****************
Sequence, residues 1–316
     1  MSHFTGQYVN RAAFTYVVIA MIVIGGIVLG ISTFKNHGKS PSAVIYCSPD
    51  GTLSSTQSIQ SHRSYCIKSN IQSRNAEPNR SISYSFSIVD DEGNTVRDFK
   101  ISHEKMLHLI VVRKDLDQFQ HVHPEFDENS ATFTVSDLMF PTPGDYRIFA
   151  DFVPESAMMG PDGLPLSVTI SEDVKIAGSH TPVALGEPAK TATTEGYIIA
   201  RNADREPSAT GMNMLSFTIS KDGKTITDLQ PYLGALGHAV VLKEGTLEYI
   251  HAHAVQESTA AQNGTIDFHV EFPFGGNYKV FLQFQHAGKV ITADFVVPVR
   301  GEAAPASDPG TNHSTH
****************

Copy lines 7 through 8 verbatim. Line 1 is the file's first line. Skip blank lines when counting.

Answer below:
   251  HAHAVQESTA AQNGTIDFHV EFPFGGNYKV FLQFQHAGKV ITADFVVPVR
   301  GEAAPASDPG TNHSTH